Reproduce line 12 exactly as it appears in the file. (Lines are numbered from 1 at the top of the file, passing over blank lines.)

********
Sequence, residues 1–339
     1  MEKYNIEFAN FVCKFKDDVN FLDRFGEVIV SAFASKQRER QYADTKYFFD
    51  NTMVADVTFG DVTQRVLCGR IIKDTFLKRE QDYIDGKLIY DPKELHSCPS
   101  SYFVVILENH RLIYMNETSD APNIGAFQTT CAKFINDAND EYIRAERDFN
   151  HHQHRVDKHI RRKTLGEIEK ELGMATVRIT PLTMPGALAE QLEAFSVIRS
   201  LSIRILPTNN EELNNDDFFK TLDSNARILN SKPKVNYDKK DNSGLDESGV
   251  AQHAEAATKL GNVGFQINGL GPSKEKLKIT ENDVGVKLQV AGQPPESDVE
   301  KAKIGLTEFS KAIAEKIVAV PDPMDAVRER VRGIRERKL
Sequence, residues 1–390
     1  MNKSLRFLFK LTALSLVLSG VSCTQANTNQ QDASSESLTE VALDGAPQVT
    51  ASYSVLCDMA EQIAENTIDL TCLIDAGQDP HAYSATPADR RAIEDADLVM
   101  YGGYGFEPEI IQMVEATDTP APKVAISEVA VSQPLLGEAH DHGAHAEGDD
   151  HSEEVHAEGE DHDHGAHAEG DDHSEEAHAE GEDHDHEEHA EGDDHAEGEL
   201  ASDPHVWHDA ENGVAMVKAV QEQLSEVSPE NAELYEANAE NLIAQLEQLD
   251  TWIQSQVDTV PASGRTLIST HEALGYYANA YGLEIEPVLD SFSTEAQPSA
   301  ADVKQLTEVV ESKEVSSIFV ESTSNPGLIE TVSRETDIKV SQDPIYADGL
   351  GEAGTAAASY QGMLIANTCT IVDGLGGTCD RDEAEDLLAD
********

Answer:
   101  YGGYGFEPEI IQMVEATDTP APKVAISEVA VSQPLLGEAH DHGAHAEGDD